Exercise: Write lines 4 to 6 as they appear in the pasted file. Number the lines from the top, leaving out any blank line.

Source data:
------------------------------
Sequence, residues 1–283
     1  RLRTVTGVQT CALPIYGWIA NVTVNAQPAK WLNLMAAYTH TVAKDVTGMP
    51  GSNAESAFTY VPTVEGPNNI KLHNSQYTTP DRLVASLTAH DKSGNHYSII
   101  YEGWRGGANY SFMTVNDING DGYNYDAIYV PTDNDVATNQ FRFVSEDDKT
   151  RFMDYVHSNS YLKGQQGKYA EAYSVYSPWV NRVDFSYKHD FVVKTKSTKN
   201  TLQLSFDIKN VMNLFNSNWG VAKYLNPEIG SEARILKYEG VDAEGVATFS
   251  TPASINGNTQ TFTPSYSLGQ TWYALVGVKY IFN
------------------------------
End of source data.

   101  YEGWRGGANY SFMTVNDING DGYNYDAIYV PTDNDVATNQ FRFVSEDDKT
   151  RFMDYVHSNS YLKGQQGKYA EAYSVYSPWV NRVDFSYKHD FVVKTKSTKN
   201  TLQLSFDIKN VMNLFNSNWG VAKYLNPEIG SEARILKYEG VDAEGVATFS